It isn’t the boom days when oil trucks created big-city traffic jams on gravel roads and a night at a mediocre hotel cost $300. But the Eagle Ford Shale is back from the bust - sort of - at a level that’s admittedly more middle-aged, less teenager.
The 400-mile South Texas oil field, which sweeps from Laredo to College Station, has produced around 2.5 billion to 2.6 billion barrels since the first wells were drilled in late 2008, said Allen Gilmer, founder of the research firm Drillinginfo, who spoke Thursday at Hart Energy’s DUG Eagle Ford Conference, held last week at the Convention Center.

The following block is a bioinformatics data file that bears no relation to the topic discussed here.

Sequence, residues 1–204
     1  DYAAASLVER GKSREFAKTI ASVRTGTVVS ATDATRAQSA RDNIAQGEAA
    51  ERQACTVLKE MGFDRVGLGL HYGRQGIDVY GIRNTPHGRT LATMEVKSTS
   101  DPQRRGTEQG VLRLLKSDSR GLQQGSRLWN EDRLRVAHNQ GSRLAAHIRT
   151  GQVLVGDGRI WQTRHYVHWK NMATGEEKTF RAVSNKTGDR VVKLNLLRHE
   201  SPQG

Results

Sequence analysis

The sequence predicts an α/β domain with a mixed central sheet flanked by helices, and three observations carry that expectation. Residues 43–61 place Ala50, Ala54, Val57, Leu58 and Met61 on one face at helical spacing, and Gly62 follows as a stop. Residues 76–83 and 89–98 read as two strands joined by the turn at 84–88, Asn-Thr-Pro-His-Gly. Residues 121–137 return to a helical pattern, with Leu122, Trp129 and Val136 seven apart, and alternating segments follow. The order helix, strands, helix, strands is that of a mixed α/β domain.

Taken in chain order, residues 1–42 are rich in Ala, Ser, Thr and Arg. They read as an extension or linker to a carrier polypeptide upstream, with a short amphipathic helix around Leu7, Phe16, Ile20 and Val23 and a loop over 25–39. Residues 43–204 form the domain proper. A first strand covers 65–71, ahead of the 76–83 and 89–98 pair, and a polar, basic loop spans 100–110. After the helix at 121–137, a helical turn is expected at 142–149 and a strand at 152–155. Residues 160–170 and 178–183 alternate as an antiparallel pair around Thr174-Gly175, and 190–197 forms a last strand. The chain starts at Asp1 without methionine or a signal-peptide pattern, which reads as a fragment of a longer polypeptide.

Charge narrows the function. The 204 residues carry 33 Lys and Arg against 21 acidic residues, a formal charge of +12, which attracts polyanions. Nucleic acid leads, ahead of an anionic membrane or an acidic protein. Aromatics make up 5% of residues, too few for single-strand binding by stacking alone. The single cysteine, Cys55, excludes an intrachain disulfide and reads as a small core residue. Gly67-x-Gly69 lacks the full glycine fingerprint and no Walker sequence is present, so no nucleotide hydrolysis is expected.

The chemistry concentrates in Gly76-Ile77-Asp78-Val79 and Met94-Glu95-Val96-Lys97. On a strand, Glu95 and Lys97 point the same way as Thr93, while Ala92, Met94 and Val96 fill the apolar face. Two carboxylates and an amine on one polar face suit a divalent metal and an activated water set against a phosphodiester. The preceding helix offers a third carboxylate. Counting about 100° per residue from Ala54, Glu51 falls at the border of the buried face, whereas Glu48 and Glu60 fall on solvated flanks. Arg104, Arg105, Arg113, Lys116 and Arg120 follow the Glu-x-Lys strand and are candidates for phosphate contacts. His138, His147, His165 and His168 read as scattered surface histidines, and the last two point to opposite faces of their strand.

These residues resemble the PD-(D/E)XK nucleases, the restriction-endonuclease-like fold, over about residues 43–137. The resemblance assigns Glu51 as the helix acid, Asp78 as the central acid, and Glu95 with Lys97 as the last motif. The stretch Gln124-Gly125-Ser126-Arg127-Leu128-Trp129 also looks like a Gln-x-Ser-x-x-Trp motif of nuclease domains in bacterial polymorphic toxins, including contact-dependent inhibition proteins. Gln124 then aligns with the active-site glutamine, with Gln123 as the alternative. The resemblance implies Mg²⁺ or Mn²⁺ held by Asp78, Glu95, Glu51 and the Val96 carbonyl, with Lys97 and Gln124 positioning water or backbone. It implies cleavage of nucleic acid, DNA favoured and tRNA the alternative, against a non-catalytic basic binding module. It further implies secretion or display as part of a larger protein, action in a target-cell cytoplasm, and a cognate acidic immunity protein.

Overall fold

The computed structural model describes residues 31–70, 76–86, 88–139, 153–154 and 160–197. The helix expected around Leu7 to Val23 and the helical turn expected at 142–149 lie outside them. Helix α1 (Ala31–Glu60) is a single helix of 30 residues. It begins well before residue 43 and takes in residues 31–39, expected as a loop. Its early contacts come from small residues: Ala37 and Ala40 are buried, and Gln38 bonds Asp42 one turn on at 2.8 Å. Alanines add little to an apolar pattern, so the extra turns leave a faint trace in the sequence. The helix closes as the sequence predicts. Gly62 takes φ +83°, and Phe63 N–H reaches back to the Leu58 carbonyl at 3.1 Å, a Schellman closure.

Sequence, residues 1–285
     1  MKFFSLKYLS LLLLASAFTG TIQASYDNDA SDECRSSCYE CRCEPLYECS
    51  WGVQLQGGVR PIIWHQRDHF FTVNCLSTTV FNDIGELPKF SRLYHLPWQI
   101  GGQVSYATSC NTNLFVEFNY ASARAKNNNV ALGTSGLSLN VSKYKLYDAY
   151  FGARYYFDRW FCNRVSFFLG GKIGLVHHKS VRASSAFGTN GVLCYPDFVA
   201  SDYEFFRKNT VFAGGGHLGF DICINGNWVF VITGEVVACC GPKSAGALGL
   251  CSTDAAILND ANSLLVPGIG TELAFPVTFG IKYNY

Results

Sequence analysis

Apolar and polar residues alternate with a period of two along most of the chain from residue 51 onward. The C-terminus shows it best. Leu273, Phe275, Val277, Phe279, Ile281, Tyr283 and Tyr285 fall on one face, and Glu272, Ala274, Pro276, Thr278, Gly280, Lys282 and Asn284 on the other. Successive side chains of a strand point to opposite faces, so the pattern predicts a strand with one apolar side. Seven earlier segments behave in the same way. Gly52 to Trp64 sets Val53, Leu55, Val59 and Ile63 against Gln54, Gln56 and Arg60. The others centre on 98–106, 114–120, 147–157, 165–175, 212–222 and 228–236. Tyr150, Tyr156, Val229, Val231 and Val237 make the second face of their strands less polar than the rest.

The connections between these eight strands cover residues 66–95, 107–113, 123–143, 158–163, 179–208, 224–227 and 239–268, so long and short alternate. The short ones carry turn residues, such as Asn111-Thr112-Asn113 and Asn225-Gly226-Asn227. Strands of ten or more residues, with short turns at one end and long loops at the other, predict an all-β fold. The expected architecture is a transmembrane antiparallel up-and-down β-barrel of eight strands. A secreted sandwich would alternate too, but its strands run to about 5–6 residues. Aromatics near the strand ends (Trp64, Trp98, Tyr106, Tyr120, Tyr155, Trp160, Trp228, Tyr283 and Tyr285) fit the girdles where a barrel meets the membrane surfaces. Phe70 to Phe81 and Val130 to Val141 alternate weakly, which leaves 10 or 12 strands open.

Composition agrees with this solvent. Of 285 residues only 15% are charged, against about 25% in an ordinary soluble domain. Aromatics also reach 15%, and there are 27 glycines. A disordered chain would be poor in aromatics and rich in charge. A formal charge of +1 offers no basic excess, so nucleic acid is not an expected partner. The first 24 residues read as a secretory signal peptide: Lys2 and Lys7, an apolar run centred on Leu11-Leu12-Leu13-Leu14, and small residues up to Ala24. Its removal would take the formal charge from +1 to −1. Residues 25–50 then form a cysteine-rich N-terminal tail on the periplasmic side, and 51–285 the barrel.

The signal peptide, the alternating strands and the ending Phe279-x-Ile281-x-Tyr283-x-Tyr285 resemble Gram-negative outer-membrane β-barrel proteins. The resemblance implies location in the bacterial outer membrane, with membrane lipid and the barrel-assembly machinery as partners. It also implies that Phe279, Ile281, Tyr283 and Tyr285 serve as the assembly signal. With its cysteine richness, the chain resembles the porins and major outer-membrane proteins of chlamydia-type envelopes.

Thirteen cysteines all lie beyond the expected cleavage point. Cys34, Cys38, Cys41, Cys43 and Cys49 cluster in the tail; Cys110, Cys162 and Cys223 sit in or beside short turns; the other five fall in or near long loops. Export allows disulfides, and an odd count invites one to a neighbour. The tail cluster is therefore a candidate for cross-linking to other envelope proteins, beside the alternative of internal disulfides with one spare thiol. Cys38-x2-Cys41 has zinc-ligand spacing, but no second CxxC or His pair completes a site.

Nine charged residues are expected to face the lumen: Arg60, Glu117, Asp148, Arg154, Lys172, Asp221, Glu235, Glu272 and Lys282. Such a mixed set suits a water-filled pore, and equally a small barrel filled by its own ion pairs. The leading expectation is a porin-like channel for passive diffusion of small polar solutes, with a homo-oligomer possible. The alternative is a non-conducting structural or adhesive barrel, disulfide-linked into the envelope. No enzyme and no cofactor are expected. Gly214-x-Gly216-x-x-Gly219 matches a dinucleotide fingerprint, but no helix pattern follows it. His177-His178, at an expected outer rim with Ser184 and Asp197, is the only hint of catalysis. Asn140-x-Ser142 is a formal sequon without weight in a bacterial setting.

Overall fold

It isn’t the hottest oil field anymore. All the attention has shifted to the Permian Basin in West Texas and eastern New Mexico, and to the South Central Oklahoma Oil Province, known as the SCOOP, and the Sooner Trend Anadarko Basin Canadian and Kingfisher Counties, or STACK.
But there’s still an awful lot of oil in South Texas.
Considering that the EF trend is a mostly single formation play (aside from a few areas where the Austin Chalk is a viable horizontal frac option), the Eagle Ford is a solid and highly economic trend, Comparing it to the Permian Basin as well as SCOOP / STACK is an apples and oranges issue since those play areas have multiple formations that are being targeted over widespread areas